June 16, 2024

Breguet's aesthetic codes: uniqueness and excellence

What makes a Breguet unmistakable? What distinguishes it from any other watch? Quality, certainly. Mechanical excellence, certainly, but there is something more complex that makes a Breguet a Breguet. Something that, in watchmaking, is often more important than precision, technical mastery, research and development: the aesthetic codes. What, then, is a code?

Abraham Louis Breguet

The Treccani encyclopaedia, among its various definitions of ‘code’, provides this one: ‘In a more abstract sense, in contemporary linguistic and literary terminology, any organic system of symbols and references enabling the transmission and comprehension of a message, the meaning of which can only be understood if speaker and listener (or writer and reader) use the same code’.

A definition that fits in well with watchmaking codes, a knowledge common to the habitués of the sector, which enables them to identify precisely the message it conveys. If we talk about crown-protecting bridges, or floating lugs, or grand tapisserie, anyone who loves watchmaking knows exactly what we are referring to. A code very often identifies a brand, and a brand is such because it has one or more codes that it carries from birth.


Breguet is one of the brands that presents plenty of its own – and only its own – stylistic codes. Codes that other brands have not infrequently borrowed, but which are firmly rooted in its history and remain unmistakable. If they assume a key importance in watchmaking, for Breguet they represent the very essence of the brand, what gives it its unique and inimitable character.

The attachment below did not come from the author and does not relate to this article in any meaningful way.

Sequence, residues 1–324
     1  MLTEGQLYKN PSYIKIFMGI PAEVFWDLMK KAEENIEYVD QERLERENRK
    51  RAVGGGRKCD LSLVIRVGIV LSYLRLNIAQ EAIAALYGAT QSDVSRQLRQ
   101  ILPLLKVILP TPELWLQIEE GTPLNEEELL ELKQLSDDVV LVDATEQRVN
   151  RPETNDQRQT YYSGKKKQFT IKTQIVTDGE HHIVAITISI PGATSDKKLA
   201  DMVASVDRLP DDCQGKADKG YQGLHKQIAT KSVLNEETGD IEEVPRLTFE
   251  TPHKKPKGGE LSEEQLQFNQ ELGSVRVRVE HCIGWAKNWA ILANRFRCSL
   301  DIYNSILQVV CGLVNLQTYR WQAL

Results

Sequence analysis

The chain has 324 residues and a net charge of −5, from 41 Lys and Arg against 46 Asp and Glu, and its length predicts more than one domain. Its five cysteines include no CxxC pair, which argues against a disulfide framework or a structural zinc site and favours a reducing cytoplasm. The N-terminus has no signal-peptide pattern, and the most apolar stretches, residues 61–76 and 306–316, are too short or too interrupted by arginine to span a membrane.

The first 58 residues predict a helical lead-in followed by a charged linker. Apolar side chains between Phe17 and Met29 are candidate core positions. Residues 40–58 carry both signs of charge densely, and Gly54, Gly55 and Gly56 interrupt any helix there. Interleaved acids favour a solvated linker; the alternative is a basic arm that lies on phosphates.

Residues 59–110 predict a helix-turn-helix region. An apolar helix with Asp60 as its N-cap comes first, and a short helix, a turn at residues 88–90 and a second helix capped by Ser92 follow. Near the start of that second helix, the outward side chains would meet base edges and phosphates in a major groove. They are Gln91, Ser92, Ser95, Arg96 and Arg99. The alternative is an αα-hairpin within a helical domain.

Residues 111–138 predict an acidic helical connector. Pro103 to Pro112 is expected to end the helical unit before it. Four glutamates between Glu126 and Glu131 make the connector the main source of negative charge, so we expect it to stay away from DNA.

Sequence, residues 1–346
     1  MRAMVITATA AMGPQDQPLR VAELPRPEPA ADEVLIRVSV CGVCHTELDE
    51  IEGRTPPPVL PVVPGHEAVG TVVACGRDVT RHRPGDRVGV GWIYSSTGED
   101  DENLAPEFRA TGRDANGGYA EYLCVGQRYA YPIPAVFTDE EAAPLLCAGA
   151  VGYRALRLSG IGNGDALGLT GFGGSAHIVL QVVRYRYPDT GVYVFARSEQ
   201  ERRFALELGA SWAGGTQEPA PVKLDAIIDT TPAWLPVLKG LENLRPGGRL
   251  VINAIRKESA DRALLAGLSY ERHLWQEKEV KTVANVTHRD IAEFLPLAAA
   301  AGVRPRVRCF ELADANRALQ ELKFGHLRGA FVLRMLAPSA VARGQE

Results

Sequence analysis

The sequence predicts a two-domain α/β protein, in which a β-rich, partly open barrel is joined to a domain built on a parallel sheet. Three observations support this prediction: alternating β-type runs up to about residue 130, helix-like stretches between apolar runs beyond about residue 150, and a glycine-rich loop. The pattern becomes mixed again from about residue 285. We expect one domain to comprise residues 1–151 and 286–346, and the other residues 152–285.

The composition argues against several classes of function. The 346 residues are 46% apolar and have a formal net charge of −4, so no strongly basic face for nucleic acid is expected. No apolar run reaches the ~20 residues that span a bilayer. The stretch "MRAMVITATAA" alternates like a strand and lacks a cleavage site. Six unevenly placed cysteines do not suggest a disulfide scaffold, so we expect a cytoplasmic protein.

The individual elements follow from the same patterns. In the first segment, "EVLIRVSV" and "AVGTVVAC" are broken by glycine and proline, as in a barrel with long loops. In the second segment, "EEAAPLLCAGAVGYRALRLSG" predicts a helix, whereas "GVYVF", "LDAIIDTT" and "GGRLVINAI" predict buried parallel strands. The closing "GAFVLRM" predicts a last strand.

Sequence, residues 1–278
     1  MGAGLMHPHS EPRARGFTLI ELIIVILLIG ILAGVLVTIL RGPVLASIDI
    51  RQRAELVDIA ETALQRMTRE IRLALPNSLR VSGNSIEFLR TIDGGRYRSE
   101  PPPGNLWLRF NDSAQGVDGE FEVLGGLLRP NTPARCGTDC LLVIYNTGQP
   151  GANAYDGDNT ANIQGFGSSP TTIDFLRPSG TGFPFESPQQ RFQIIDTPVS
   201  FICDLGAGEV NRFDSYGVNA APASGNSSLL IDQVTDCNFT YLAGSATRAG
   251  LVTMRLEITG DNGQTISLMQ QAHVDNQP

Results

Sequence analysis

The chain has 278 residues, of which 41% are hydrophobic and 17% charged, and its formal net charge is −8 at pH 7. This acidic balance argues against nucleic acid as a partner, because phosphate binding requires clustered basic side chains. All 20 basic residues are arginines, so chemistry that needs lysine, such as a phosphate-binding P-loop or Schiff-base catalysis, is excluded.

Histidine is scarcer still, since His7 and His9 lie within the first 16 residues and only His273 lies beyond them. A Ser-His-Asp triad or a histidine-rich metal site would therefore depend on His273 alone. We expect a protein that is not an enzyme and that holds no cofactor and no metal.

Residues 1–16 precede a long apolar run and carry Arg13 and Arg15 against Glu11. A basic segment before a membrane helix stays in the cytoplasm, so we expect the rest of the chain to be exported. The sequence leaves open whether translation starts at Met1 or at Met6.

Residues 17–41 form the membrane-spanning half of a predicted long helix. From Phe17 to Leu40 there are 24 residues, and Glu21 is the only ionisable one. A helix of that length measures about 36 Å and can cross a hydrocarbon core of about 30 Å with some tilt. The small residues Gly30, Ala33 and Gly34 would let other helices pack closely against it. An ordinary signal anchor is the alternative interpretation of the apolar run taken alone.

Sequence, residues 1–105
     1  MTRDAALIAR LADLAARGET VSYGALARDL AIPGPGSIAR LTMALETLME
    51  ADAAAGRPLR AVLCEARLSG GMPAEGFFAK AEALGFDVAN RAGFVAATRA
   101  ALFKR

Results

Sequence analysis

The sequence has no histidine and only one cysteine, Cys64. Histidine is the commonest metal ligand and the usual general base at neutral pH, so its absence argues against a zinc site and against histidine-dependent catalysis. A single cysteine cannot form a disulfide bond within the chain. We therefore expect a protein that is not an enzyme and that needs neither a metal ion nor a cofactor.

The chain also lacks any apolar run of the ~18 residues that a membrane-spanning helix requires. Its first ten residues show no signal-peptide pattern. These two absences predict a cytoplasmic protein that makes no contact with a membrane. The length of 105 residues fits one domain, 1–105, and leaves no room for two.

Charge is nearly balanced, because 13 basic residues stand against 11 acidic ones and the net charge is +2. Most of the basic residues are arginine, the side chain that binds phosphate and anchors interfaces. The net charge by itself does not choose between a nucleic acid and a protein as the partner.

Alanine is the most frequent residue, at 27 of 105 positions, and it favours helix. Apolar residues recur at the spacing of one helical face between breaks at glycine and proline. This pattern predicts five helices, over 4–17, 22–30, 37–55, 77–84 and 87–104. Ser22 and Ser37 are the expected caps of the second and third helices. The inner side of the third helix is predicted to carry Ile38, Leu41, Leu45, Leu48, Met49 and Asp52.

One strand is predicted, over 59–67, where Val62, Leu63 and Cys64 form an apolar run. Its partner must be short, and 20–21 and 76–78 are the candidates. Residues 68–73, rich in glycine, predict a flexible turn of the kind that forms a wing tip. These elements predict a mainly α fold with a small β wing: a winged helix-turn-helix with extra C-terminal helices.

Breguet Archives @ Paris Museum
Breguet Archives – Paris Museum

Unlike other brands characterised by only one or two specific aspects, Breguet’s stylistic codes are numerous. They are the fruit of a way of conceiving the watch and watchmaking that goes right back to Abraham-Louis Breguet, as evidenced by the first known watch catalogue dating from 1822. It was French and its title roughly translates as ‘Clocks for civil use, portable chronometers, marine and astronomical clocks, and other observation instruments’.

The introduction to the Breguet models of the time is enlightening to understand where the vision of watchmaking at the heart of thebrand’s style and design comes from: ‘The elegance of the forms, the choice and proportions of the case fillets or grooves, the effect created by the rounding of the case edges and the semi-flat crystal, the finesse of the dials’ guillochage and the lightness of the hands, the contrast between the opacity and the metallic brilliance that distinguish the models could not be rendered by the engraving of the line and the geometric design, which were always unflattering’.

1809, Breguet Tourbillon No.1176
1809 | Breguet Tourbillon No.1176

In short, at a time when photography did not yet exist, a fine design was unable to produce watches whose aesthetics weren’t far from perfection. The characteristics of these aesthetics are still found today, some of which are mentioned in that very catalogue written 200 years ago. Let us look at them.


This is one of the most striking features associated with Breguet watchmaking – partly because the hands take centre stage on the dial, partly because they are a mobile, living element. They were born around 1783, following Abraham-Louis Breguet’s desire to simplify the design of the hands of thetime, which were often short, wide, and highly decorated. This design made the entire watch heavy and made it difficult to read the dial.